Marriott will outline its plan to add between 275,000 and 295,000 rooms by 2021, supported by the strength of its record 478,000-room pipeline, including roughly 214,000 rooms already under construction. Marriott will disclose that its new room openings during this period could contribute $400 million in fee revenue in 2021 and $700 million annually when stabilized. The company’s three-year growth plan assumes, but does not forecast, comparable hotel revenue per available room (RevPAR) growth of 1 and 3 percent, compounded annually.
“Starwood has made us a more formidable competitor, providing a more valuable loyalty program, brands with strong appeal to loyalty members and owners, talented associates, terrific locations, particularly in the fast-growing Asia Pacific region, significant cost synergies and meaningful scale,” said Arne Sorenson, Marriott International president and chief executive officer. “We launched our newly branded loyalty program, Marriott Bonvoy, just last month. The program reached 125 million members as of year-end 2018 adding roughly 50,000 members per day.”
Given the assumptions for its three-year plan, the company could produce the following results:
– Diluted earnings per share of $7.65 to $8.50 by 2021, a compound growth rate of 11 to 15 percent over 2018 adjusted results;
– Adjusted earnings before interest, taxes, depreciation and amortization (adjusted EBITDA) increasing by 6 to 9 percent compounded, with net income increasing by 5 to 8 percent compounded, each compared to adjusted results in 2018;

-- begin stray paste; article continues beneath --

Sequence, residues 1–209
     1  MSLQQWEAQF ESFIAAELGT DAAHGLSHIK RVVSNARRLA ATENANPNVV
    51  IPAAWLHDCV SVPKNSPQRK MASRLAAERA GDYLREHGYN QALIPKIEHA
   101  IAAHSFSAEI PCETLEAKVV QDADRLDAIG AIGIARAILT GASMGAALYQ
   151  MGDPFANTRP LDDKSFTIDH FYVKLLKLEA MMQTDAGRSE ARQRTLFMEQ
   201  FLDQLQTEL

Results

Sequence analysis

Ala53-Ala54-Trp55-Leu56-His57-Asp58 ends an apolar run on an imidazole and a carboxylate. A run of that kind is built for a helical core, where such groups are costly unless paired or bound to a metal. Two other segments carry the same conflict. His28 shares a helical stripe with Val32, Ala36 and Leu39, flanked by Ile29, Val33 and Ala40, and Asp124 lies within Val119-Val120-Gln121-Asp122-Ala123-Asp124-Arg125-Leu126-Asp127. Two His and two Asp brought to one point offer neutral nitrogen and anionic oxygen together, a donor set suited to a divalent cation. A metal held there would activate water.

– Cash available for shareholders could total $9.5 to $11 billion for the three years (2019 through 2021);
– Shareholders could see $1.9 to $2 billion in dividends, assuming a continued 30 percent payout ratio, and $7.6 to $9 billion in share repurchases over the three-year period.
Marriott’s growing pipeline of new hotels is fueled by the strong profitability of its hotels, the broad selection of powerful brands available for development, its rich loyalty program, lower costs from the company’s meaningful scale, and the strong confidence of its owners and franchisees. The company will disclose that 70 percent of its portfolio of open and signed pipeline projects is held by owners with multiple Marriott properties, and roughly one-third is held by owners with ten or more Marriott branded hotels. Marriott’s development pipeline reflects an increasing number of legacy-Starwood branded hotels. Since the merger date, the pipeline of legacy-Starwood brands has increased nearly 25 percent to represent nearly one-third of the legacy-Starwood portfolio’s system size.
The company will also discuss its success improving the Sheraton brand. With more than 155,000 rooms, Sheraton is the company’s most geographically diverse brand and the company’s third largest brand globally measured in both rooms and fees. The brand contributes significantly to Marriott’s overall scale and effectively reduces costs for all the hotels in Marriott’s worldwide system. More than one-quarter of Sheratons are already under renovation or committed to a renovation. In 2018, Marriott launched a new Sheraton brand strategy, guest room prototype and design approach, and just a week ago, unveiled the new Sheraton logo, signaling change to owners, operators, guests and Sheraton associates. Since the acquisition, Sheraton’s RevPAR index has improved to over 100.
“Our new three-year plan, with Starwood fully integrated, demonstrates how our fee-based, asset-light business model generates even stronger and more sustainable cash flows. This allows us to invest profitably in our core business at high rates of return and also return significant amounts of capital to shareholders,” said Leeny Oberg, Marriott International’s executive vice president and chief financial officer. “Our proven business model combined with opportunities to leverage our significant scale from the Starwood acquisition uniquely position us for additional shareholder value creation.”